The AJ’s editors pick their favourites buildings from the hundreds of properties which will open their doors for Open House London between 20-21 September
The Royal College of Physicians 11 St Andrews Place NW1 by Denys Lasdun
Cherished by anyone who has visited it – including those who have attended the AJ’s More Homes Better Homes and FootprintLive conferences there – the 1964 Grade I-listed Royal College of Physicians, overlooking Regent’s Park, is arguably Denys Lasdun’s best building. The modernist gem, with its glowing mosaic-clad exterior, has a dramatic, intriguing and surprisingly light interior. Finished beautifully, the landmark includes the unexpected Censors Room at its heart – a jaw-dropping chamber lined in 400-year-old Spanish oak panelling, which began life in the college’s Warwick Lane building in the 1670s. It remains one of the capital’s most important post-war buildings. A must see.
Richard Waite, AJ news editor
Royal College of General Practitioners, 30 Euston Square NW1 2FB by Arthur Bereford Pite
The name of Arthur Bereford Pite (1861-1934) was new to me when, a couple of years ago, the architect, Craig Hamilton, mentioned him as one of his heroes. I have since visited most of his buildings among which the Royal College of General Practitioners ranks as a highlight. Here, Pite deploys a Greek classicism indebted to C R Cockerell’s work but given an idiosyncratic handling that is quite his own. Along with the Euston Arch and St Pancras New Church it belonged to a triumvirate of Greek classical buildings that addressed each other across Euston Road. The proponents of the redevelopment of Euston Station would do well to pay a visit.
Ellis Woodman, AJ critic at large
Crystal Palace Subway, Crystal Palace Parade SE19 1LG by EM Barry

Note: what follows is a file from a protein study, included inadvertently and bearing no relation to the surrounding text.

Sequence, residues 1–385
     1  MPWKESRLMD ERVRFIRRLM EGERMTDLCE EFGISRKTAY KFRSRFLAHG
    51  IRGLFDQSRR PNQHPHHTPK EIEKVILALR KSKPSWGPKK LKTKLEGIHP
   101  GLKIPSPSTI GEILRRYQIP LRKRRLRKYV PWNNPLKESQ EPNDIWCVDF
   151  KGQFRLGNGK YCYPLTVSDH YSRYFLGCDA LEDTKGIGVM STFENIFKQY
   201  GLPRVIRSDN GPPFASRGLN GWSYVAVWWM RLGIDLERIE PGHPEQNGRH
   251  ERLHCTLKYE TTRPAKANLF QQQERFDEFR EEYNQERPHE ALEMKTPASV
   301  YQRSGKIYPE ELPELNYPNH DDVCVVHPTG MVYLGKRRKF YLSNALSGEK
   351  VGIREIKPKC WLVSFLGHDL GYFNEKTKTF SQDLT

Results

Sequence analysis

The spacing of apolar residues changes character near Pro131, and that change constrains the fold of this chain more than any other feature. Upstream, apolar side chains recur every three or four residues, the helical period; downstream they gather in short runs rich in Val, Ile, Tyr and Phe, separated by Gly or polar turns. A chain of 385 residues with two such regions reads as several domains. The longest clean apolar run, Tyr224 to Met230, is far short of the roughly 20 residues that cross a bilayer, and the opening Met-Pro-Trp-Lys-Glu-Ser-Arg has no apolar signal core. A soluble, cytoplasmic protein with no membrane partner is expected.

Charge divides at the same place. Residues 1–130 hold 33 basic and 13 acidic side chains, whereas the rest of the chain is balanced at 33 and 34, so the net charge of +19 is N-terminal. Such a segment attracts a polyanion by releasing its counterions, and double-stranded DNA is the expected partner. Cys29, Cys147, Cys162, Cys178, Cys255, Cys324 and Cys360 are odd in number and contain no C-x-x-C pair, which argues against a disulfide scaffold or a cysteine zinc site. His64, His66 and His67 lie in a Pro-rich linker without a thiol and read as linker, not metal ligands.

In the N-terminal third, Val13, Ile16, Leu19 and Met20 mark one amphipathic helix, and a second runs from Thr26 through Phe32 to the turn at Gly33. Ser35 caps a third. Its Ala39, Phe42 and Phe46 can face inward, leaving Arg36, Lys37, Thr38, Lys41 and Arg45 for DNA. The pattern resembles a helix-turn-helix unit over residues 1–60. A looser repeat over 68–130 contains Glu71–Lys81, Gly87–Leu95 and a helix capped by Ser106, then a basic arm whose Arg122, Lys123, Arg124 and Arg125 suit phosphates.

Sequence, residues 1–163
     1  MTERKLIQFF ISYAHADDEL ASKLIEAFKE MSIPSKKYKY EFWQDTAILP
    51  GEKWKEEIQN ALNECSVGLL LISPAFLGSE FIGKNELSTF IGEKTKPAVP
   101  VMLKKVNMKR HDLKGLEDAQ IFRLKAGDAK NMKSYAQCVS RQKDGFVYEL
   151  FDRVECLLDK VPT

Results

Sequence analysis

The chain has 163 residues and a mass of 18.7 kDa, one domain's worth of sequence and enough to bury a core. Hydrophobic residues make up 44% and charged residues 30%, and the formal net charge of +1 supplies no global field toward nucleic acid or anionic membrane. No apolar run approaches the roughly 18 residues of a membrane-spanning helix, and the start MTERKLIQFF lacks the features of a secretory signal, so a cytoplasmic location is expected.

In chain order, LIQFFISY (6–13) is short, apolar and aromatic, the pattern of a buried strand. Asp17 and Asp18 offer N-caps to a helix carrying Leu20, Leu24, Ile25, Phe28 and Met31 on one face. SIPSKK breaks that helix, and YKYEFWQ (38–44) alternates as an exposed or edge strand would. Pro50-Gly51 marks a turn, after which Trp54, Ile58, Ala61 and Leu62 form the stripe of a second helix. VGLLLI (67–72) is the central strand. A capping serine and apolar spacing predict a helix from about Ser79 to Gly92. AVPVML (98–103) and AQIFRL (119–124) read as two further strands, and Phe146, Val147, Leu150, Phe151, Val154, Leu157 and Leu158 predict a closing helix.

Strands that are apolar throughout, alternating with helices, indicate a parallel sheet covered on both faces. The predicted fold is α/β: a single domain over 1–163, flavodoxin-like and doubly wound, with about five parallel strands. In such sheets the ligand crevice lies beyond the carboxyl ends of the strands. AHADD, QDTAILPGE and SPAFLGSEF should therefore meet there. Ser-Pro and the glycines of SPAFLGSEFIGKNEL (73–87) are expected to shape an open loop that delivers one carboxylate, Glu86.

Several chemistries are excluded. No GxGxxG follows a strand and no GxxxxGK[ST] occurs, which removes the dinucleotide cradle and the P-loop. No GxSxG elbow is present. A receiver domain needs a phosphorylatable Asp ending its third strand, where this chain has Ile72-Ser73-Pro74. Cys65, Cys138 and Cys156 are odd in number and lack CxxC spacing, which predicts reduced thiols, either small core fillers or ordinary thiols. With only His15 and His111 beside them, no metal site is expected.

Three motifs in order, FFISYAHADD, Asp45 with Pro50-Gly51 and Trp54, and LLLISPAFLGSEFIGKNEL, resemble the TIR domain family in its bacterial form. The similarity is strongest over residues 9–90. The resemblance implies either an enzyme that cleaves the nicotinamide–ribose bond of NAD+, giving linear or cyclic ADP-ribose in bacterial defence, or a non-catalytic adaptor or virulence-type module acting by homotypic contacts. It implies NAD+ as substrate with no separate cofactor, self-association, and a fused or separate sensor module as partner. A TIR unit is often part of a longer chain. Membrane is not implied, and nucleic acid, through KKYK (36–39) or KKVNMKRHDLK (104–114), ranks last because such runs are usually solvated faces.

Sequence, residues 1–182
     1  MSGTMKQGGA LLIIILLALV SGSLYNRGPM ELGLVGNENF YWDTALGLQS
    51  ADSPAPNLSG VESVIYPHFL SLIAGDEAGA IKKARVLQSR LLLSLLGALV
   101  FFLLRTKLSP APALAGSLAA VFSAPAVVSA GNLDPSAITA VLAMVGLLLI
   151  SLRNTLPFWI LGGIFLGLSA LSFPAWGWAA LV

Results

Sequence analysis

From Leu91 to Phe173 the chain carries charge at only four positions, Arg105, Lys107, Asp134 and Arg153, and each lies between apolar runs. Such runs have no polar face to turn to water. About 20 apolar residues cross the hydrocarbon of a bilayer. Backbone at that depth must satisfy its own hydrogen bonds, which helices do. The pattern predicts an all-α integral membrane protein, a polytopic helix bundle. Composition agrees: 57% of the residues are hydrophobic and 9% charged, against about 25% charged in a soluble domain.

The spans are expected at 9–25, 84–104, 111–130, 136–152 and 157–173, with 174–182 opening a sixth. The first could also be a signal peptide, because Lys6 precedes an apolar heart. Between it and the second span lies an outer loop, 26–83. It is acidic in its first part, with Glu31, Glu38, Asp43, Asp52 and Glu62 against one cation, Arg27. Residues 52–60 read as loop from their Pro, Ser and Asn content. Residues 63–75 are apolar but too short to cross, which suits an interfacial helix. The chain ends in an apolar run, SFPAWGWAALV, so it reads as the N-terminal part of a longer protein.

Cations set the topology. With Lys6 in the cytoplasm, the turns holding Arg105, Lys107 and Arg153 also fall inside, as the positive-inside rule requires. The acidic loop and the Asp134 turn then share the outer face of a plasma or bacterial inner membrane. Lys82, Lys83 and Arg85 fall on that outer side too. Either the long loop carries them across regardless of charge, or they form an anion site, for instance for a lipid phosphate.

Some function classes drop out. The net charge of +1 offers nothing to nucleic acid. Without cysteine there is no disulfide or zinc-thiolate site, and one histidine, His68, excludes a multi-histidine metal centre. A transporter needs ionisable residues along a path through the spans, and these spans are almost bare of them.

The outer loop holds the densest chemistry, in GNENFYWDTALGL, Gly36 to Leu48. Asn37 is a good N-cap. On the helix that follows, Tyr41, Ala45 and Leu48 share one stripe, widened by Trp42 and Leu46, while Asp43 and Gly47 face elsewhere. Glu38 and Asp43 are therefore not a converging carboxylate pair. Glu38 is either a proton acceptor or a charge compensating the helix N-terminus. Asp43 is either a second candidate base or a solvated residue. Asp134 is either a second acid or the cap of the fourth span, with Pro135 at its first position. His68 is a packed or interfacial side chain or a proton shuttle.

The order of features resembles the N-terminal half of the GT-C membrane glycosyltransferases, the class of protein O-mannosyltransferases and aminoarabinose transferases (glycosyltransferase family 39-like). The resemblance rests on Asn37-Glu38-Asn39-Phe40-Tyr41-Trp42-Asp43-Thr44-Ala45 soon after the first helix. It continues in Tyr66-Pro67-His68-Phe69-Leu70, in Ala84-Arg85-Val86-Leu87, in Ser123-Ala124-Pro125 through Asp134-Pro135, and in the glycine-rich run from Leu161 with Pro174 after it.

In SE19 hopes and fears were raised in equal measure in February by ZhongRong Group’s improbable proposal to erect a new Crystal Palace on the site of Paxton’s original. With the seeming demise of that scheme, it’s back to square one for the Friends of Crystal Palace Subway (Black box, AJ 30.05.13), who were hoping a smidgen of the vaunted £500 million investment might go to rehabilitate the splendid Victorian fan-vaulted red and cream brick underpass that conducted visitors to the palace precincts in its heyday. Its neglect is testimony to Bromley Council’s execrable stewardship of the site.
Alan Gordon, AJ production editor
House of St Barnabas, 1 Greek Street W1D 4NQ by Joseph Pearce
Normally operating as a private members club raising funds to help the homeless gain employment, Soho’s House of St Barnabas is an exceptionally fine Georgian townhouse at 1 Greek Street, which you can visit on the Sunday of the Open House London weekend.
The groundplan of the Grade I-listed house and Rococo decoration dates from the mid-1700s and has barely altered since then, despite various threats over the centuries, including vibrations from the recent Crossrail tunnelling. A recent refurbishment by Irish architect and designer Grainne Weber has added luxurious and contemporary touches in keeping with the club’s modern cocktail-sipping purpose.
Tours, which are on the hour, are available by emailing firstname.lastname@example.org (pre-booking only). The last tour is at 4pm.
Will Hurst, AJ acting deputy editor
Lloyd’s of London, One Lime Street EC3M 7HA by Richard Rogers Partnership
There’s one extremely important thing you can do at Open House and not any other time, and that’s get into Lloyd’s of London as a civilian. There are more reasons to do this than ever now that the owners are likely to sell up imminently. Visiting, you can see how this ostensibly extremely high-tech building is tailored to its very old-school capitalist clients, via everything from the Lutine Bell to the ‘Room’, a Kubrickian transition from Constructivist oil rig to 18th century dining hall. Remarkable as it is from the street, there is no substitute for entering Lloyd’s to explore this disturbing, fascinating puzzle.
Owen Hatherley, AJ columnist
Walters Way, 8 and 10 Walters Way SE23 3LH by Walter Segal